The burglary and promoting prison contraband convictions may, however, still be admissible under Rule 609(a)(1). The convictions are "therefore subject to the Rule 403 balancing test imposed by Rule 609(a)(1)." Daniels, 986 F. Supp. at 250. "Rule 609(a)(1) presumes that all felonies are at least somewhat probative of a witness's propensity to testify truthfully." Estrada, 430 F.3d at 617 (citation omitted). Accordingly, in balancing the probative value of a prior conviction against its prejudicial effect under Rule 609(a)(1), courts examine the following factors: (1) the impeachment value of the prior conviction; (2) the remoteness of the prior conviction; (3) the similarity between the prior conviction and the conduct at issue; and (4) the importance of the credibility of the witness. See Daniels, 986 F. Supp. at 250 (citing Hayes, 553 F.2d at 828) (additional citation omitted).
With respect to the first factor, the impeachment value, although crimes of burglary and promoting prison contraband are not automatically admissible, as discussed above, the Second Circuit has noted that "theft" crimes, as well as "crimes that involve evasions of responsibility or abuse of trust," rank "high on the scale of probative worth on credibility." Estrada, 430 F.3d at 618. Therefore, the impeachment value of the prior convictions weighs in favor of the introduction of such evidence. Second, the prior convictions occurred in 2004 and 2007. "The age[s] of the convictions . . . [are] not so remote as to diminish [their] probative value. Daniels, 985 F. Supp. at 250 (citing United States v. Palumbo, 401 F.2d 270 (2d Cir. 1968)). The third factor, the dissimilarity of the prior conviction and the conduct at issue, also weighs in favor of admitting the evidence. The crimes plaintiff was convicted of - burglary and promoting prison contraband - bear no relation to the excessive force claim at issue in this trial. Finally, the fourth factor, plaintiff's credibility, also weighs in favor of the introduction of the evidence. Notwithstanding the video tape, which appears to capture a portion of the incident, plaintiff and the defendant will testify to divergent versions of what occurred during the period prior to the videotaped portions of the incident. "Faced with these conflicting stories, the jury's central task will be to determine who is telling the truth." Id. at 251. Plaintiff's "credibility on the stand is therefore of decisive importance." Daniels, 986 F. Supp. at 251 (citation omitted). Accordingly, the prior burglary and promoting prison contraband convictions are admitted for purposes of impeachment.
B. Plaintiff's Drug Convictions
Plaintiff has been convicted on various occasions of crimes involving drugs, including: (1) a 2006 misdemeanor conviction for seventh degree criminal possession of a controlled substance; (2) a 2007 misdemeanor conviction for seventh degree criminal possession of a controlled substance; and (3) a 2007 felony conviction for third degree criminal sale of a controlled substance and third degree criminal possession of a controlled substance. While defendant argues that such crimes involve crimes of dishonesty or false statement, and therefore must be admitted pursuant to Rule 609(a)(2), "[d]rug crimes . . . do not automatically implicate the use of dishonesty or false statements." Daniels, 986 F. Supp. at 249 (citing Lewis v. Velez, 149 F.R.D. 474, 481 (S.D.N.Y. 1993)); see also 4 Weinstein's Federal Evidence § 609.03[b][iii], at 609-16 (1997) ("Convictions for narcotic offenses are usually not considered to involve dishonesty or false statement.").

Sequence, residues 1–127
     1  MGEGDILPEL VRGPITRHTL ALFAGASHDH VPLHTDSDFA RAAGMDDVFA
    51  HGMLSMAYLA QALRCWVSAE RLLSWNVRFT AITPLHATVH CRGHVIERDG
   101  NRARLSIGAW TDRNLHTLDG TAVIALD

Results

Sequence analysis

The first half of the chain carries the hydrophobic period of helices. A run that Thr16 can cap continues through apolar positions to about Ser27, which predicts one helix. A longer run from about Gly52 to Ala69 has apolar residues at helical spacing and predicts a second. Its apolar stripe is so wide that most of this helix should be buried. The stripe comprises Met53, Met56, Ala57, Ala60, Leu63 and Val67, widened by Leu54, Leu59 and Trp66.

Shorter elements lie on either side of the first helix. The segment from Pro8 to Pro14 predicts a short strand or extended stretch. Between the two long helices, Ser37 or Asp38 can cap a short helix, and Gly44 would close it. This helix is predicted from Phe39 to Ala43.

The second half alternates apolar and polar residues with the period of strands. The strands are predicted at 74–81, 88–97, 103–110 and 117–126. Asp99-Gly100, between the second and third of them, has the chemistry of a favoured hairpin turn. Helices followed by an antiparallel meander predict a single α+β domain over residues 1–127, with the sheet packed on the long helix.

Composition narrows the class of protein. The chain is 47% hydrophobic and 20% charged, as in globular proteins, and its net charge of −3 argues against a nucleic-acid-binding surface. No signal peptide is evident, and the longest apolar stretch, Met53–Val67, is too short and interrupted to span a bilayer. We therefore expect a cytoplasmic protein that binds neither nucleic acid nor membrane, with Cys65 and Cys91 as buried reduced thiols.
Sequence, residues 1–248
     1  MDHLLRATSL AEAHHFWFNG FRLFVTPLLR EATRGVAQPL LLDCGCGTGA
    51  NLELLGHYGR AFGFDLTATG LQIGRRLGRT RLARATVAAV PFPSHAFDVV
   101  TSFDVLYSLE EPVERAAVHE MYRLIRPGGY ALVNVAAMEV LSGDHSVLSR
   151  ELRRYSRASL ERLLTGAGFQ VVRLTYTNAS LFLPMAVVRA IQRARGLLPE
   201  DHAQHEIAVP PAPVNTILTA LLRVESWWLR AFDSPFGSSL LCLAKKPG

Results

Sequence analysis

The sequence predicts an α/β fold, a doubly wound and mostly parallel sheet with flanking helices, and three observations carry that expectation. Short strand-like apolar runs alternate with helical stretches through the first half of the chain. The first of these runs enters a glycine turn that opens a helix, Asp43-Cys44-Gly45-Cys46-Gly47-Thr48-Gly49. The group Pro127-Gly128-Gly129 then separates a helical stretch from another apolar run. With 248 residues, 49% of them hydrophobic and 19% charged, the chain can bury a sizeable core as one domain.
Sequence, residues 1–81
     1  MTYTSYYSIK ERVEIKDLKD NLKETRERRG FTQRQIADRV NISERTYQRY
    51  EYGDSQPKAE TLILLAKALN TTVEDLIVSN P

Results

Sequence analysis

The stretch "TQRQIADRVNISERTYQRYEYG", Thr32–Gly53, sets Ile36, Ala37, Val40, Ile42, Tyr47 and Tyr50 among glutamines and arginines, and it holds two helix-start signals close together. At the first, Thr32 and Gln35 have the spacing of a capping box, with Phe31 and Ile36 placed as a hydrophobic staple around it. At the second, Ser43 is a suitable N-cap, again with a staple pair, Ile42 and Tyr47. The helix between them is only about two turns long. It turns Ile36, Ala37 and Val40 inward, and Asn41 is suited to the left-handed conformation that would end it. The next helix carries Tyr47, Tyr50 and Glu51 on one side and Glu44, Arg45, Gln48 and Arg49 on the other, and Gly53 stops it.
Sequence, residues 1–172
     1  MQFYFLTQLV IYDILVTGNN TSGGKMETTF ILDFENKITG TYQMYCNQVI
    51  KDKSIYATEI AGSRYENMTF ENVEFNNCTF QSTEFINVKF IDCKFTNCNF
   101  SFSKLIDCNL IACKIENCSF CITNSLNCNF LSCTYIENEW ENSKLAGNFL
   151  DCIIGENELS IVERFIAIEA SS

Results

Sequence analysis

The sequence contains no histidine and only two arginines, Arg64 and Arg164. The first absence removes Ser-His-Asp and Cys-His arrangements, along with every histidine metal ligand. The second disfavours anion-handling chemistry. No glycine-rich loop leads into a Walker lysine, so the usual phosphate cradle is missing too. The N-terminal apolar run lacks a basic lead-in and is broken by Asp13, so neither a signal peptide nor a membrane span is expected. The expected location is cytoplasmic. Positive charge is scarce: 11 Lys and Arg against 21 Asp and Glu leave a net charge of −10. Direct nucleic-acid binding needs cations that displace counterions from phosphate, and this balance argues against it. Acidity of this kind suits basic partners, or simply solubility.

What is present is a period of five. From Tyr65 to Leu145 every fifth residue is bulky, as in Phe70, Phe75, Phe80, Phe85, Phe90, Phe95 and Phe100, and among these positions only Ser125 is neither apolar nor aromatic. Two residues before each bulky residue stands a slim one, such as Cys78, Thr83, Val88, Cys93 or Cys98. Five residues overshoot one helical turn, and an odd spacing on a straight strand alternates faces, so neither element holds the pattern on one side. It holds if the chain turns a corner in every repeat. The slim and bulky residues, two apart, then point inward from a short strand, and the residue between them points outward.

"Where, as here, the crime falls within the 'uncertain middle category neither clearly covered nor clearly excluded by . . . [Rule 609(a)(2)],' the proffering party must demonstrate 'that [the] particular prior conviction rested on facts warranting the dishonesty or false statement description.'" Daniels, 986 F. Supp. at 249-50 (quoting Hayes, 553 F.2d at 827) (alteration in original). Here, defendant offers nothing more than a blanket statement that "the elements of the underlying crime[s] require proof or an admission of an act of dishonesty or false statement, and thus must be admitted into evidence under Rule 609(a)(2)." (Def. Opp'n to Pl. Mot. in Limine 6, 7.) Defendant fails to offer any evidence or facts to suggest that the prior drug convictions involved dishonesty or false statement and therefore, the prior drug convictions are not automatically admissible under Rule 609(a)(2). See Daniels, 986 F. Supp. at 250.
Nonetheless, the prior felony drug convictions may still be admissible under Rule 609(a)(1) because they occurred within the past ten years and were punishable by imprisonment in excess of one year. See Fed. R. Evid. After balancing the four factors outlined above, the Court finds that the probative value of two additional drug convictions is outweighed by the risk of unfair prejudice to the plaintiff.